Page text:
French Festival Fashion

Bonjour semain deux! Mine and Babe’s first week together absolutely flew by! It’s been amazing spending time together, exploring, and getting to come home to the same place at the end of a fun night. For the past few days, Babe and I have both been feeling under the weather, so on Sunday we decided to slow things down and just relax for the first time since I arrived. We spent most of the day snuggling in bed and watching Netflix, but decided to get a bit of fresh air and took the bikes out for a ride in the park. We showed up to Le Jardin Public- a stunning park with ponds and walkways in the heart of Bordeaux, surrounded by old French architecture. As we got closer to the park, we could hear the sound of heavy bass getting louder and louder, and noticed that most of the bike racks were already full. Upon arriving at the park gate, there was even security! Curiosity got the best of us, and we entered what we later learned is the Open Air Festival. The park was jam packed with festival goers, most of whom brought blankets to sit on, coolers full of wine and snacks to enjoy, and a group of friends to hang out with. There have been several moments in Bordeaux, this being one of them, where I really envy those who live here permanently with a good group of friends to do stuff like this with. The French lifestyle appears to be so fulfilling and enriched to these carefree 20-something people who always seem to be enjoying themselves wherever I spot them. Babe and I spent our afternoon exploring the park, enjoying the music, and trying to find the most outrageous festival outfits. One trend that seemed to be extremely popular involved loose clothing items, which was so smart because of how hot the weather is.

In many parts of Europe especially France and Poland, from what I’ve seen (vs North America), it’s obvious that women will dress for style rather than sexuality (I’m talking Mom jeans at the club with sensible footwear instead of short skirts that are constantly being pulled down and blistered feet due to beautiful but uncomfortable heels). While in Canada and the USA, people jump at the opportunity to get done up for EDM festivals like this:



(photos from @iheartraves on instagram)

European festivals take on a more freeing, comfortable look, like this:




I have never been one to shame girls on whatever they choose to wear, and this post isn’t doing that either. I will admit though, that I still have no idea what the purpose of tying ropes up your legs is, especially when they’re snug and dig into your skin, which makes any girl feel self conscious. Judging by the amount of readjusting I’ve seen at Canadian Festivals, these itty bitty outfits can’t be all that comfortable. Anyway, this is not a rant on the impracticality of EDM outfits. I’m simply inspired by the carefree, easy “breezy” French vibe that I’ve been engulfed in this week. A few common themes I’ve been seeing is one pieces, culottes/palazzo pants, and structured shirts:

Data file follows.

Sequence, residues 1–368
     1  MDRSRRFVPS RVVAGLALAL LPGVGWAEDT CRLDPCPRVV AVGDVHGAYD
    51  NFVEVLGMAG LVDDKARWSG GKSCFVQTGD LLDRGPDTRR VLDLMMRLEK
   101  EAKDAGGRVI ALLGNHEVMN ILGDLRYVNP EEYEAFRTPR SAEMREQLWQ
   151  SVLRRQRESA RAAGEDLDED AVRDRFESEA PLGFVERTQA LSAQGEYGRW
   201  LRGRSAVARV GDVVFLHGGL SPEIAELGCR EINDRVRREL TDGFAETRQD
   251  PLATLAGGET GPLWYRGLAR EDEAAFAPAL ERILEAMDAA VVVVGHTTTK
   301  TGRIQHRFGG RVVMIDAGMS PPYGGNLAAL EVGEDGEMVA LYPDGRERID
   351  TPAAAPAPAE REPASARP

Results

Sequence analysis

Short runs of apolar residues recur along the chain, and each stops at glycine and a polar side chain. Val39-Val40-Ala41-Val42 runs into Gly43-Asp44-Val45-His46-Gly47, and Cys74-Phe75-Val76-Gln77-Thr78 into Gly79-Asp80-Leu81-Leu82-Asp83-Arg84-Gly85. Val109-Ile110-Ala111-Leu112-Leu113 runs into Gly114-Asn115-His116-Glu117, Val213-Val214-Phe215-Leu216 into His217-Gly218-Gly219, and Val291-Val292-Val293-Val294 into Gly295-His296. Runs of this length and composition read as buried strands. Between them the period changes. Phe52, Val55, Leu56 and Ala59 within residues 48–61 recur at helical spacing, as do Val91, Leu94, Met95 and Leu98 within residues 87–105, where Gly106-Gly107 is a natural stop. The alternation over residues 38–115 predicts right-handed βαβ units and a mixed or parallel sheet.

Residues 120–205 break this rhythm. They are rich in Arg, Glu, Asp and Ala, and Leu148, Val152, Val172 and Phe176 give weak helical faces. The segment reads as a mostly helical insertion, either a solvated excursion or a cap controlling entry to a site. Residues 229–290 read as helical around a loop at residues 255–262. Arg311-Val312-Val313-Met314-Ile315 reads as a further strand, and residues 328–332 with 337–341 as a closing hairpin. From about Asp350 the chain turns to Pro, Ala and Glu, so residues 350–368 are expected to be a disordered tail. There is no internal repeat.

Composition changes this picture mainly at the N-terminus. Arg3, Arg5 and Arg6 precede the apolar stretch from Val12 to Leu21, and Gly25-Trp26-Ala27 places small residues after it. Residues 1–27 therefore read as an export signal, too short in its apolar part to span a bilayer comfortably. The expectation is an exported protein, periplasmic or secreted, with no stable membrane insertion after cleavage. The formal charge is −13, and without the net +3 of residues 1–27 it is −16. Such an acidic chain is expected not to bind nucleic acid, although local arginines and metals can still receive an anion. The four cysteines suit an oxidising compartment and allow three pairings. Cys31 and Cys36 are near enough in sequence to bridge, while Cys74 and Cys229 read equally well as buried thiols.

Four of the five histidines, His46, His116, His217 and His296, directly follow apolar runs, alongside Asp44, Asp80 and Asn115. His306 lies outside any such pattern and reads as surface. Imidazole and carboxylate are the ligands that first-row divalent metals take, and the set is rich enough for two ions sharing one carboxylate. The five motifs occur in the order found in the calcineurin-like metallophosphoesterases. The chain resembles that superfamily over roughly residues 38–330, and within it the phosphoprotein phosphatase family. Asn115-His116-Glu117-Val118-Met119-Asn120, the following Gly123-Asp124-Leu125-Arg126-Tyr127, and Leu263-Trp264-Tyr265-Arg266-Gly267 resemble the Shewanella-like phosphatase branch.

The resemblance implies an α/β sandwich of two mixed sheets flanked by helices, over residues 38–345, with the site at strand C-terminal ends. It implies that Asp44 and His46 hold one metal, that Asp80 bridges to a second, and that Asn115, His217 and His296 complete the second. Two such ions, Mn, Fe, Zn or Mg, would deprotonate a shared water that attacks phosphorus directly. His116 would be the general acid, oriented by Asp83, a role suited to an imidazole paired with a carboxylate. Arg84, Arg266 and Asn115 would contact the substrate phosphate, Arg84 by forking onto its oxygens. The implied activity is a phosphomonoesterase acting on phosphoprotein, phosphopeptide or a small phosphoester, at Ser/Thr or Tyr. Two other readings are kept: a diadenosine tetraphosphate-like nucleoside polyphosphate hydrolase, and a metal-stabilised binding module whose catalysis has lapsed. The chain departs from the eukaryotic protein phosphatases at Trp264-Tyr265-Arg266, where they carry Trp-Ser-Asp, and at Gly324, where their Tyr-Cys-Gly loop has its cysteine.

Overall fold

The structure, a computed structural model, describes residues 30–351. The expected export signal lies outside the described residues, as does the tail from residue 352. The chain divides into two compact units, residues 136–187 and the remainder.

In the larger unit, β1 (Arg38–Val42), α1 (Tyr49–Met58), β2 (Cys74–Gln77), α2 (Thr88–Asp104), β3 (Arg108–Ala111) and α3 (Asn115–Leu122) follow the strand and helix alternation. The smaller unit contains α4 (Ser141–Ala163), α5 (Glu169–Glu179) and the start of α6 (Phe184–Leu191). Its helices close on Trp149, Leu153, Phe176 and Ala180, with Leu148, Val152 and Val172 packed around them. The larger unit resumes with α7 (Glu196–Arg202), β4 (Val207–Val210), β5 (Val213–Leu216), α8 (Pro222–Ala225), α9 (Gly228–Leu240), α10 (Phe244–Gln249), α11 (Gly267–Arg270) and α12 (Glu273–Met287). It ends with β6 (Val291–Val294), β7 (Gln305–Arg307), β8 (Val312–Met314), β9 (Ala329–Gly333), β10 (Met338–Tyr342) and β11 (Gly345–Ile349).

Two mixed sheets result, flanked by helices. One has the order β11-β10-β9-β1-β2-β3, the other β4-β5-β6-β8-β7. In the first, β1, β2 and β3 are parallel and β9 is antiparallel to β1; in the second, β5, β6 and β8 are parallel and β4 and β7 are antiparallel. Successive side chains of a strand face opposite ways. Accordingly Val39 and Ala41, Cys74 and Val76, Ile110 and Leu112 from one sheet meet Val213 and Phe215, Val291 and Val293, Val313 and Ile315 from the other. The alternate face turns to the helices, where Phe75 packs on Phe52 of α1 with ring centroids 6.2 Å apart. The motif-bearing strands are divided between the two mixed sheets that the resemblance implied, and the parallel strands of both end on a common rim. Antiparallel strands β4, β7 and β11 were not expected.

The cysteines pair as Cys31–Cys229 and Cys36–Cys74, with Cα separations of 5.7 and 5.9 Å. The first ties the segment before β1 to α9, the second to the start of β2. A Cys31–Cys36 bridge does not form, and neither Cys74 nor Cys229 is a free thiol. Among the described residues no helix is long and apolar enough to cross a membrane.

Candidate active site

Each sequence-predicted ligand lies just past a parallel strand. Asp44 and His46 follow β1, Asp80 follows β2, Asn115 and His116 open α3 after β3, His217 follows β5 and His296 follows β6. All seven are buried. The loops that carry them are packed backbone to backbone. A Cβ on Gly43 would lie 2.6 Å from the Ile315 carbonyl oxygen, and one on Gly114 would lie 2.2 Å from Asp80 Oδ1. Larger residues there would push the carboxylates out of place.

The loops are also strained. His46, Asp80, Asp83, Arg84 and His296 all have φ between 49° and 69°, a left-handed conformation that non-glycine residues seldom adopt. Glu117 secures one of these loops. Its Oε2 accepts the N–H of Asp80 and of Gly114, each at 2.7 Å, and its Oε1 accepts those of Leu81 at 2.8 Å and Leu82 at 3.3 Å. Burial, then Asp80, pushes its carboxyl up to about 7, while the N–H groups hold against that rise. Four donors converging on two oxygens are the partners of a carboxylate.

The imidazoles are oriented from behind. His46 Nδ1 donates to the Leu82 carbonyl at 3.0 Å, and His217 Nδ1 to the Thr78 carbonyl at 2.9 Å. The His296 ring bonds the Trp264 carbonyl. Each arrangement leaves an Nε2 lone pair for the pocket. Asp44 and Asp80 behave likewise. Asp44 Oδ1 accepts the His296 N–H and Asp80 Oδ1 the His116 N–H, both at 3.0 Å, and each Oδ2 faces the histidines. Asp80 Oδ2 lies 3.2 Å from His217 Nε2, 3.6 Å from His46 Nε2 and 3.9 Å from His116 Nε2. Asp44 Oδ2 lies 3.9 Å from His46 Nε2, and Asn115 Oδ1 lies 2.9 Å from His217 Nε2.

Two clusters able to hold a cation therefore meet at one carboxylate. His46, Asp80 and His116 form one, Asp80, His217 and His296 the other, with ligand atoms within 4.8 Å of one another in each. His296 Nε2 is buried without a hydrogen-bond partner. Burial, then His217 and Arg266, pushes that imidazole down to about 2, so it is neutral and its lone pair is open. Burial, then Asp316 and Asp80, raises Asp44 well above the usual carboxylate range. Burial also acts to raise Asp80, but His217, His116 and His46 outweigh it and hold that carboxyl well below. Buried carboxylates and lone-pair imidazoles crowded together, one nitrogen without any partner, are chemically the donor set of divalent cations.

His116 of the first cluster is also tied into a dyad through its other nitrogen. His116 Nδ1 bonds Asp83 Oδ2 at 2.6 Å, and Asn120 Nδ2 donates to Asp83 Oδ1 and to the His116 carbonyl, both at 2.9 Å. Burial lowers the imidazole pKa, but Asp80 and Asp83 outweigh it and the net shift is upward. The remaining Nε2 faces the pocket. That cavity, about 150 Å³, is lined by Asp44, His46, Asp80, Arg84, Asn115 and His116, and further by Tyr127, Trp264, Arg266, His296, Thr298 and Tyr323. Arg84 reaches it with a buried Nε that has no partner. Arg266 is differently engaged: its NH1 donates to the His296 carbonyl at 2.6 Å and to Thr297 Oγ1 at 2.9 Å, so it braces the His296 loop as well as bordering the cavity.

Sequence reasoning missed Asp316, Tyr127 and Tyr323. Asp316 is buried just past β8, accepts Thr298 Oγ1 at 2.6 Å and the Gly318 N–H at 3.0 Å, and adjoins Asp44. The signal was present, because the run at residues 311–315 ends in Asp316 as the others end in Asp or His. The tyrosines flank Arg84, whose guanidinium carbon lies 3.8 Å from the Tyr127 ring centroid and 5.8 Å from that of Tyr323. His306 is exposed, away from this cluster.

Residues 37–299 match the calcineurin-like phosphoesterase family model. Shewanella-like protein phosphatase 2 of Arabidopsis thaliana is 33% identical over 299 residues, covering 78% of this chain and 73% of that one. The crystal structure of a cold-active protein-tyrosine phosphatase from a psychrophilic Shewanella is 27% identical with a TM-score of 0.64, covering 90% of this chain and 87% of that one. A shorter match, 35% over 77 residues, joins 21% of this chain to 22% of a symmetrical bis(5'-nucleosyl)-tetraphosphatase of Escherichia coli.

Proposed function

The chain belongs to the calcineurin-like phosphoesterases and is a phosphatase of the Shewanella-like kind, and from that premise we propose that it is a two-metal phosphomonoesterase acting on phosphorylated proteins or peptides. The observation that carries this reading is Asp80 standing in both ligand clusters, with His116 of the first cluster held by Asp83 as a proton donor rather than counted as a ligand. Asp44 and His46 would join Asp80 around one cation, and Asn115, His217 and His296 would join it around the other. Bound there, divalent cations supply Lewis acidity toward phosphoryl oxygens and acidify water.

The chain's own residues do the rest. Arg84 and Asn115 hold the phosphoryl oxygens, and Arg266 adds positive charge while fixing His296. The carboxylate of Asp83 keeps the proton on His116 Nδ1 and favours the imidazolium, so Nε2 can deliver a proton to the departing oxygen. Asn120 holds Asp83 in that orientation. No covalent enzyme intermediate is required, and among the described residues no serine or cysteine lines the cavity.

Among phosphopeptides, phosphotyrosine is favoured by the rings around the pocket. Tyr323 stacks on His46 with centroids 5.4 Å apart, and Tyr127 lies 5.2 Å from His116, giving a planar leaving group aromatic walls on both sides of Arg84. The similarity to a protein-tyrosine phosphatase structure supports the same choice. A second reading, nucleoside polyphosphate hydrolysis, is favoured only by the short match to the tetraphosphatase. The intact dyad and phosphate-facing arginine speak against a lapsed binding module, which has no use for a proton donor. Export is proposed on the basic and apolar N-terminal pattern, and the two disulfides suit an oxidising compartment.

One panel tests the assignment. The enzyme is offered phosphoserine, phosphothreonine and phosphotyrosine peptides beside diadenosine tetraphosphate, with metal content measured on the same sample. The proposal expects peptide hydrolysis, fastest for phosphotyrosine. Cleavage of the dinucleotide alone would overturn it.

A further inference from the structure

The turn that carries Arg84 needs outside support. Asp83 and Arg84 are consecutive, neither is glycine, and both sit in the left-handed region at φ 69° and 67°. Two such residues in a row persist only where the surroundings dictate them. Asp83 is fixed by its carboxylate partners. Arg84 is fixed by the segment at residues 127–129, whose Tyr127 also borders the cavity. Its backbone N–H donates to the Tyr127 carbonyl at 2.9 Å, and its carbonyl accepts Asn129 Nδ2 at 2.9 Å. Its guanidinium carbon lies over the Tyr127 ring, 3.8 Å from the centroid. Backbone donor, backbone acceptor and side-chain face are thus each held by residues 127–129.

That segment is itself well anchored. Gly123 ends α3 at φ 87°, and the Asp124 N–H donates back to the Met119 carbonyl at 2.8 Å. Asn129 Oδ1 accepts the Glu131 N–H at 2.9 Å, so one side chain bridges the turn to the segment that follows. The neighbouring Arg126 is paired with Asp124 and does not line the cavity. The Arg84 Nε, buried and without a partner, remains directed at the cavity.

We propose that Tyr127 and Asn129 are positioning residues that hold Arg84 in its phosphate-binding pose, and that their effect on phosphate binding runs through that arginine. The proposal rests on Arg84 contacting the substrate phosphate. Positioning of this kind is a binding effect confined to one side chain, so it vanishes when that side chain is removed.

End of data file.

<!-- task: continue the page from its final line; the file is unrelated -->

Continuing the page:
(Pimkie, Galeries Lafayette, Bershka)


(Pull and Bear)





(Zara, River Island, Topshop)

In the 20-30 degree Celsius weather, it feels so good to not be restricted by tight waistlines and hip hugging shorts, and instead have the freedom to reach for any macaron or canelé in my arm span. These pieces can be paired with toques and sneakers for a casual, “just threw this together” kind of look, with heeled slides and a neck scarf to amp it up a little, or with a bold or nude stiletto for a comfortable, formal night out style. Basically what I’m saying is that it’s hard to go wrong with these pieces! Walking down rue St. Catherine, I’ve seen so many variations of these pieces that I’ve had to say goodbye to a few items I brought from home, so that I can make room for some french-inspired vêtement.

It’s a beautiful thing, being in a place where bodies aren’t objectified. I say this with confidence after stepping foot in the Atlantic Ocean for the first time in my life, while experiencing another first- visiting a topless/nude beach (or in Europe, simply “the beach”). Whether or not I went bare is not part of this post…. When in Rome right?! But I found it very interesting that those who freed the nipple were not under any more or less surveillance than those fully clothed. The tan lines are more forgiving, the hemlines and styles are more beautiful, and there’s less pressure to have a waist that’s half the measurement of your hips. Overall, I can’t wait to continue to evolve as I try to fit in to the France culture as well as a cute pair of palazzo pants.
Au revoir!



Leave a Reply

Fill in your details below or click an icon to log in: Logo

You are commenting using your account. Log Out /  Change )

Google+ photo

You are commenting using your Google+ account. Log Out /  Change )

Twitter picture

You are commenting using your Twitter account. Log Out /  Change )

Facebook photo

You are commenting using your Facebook account. Log Out /  Change )

Connecting to %s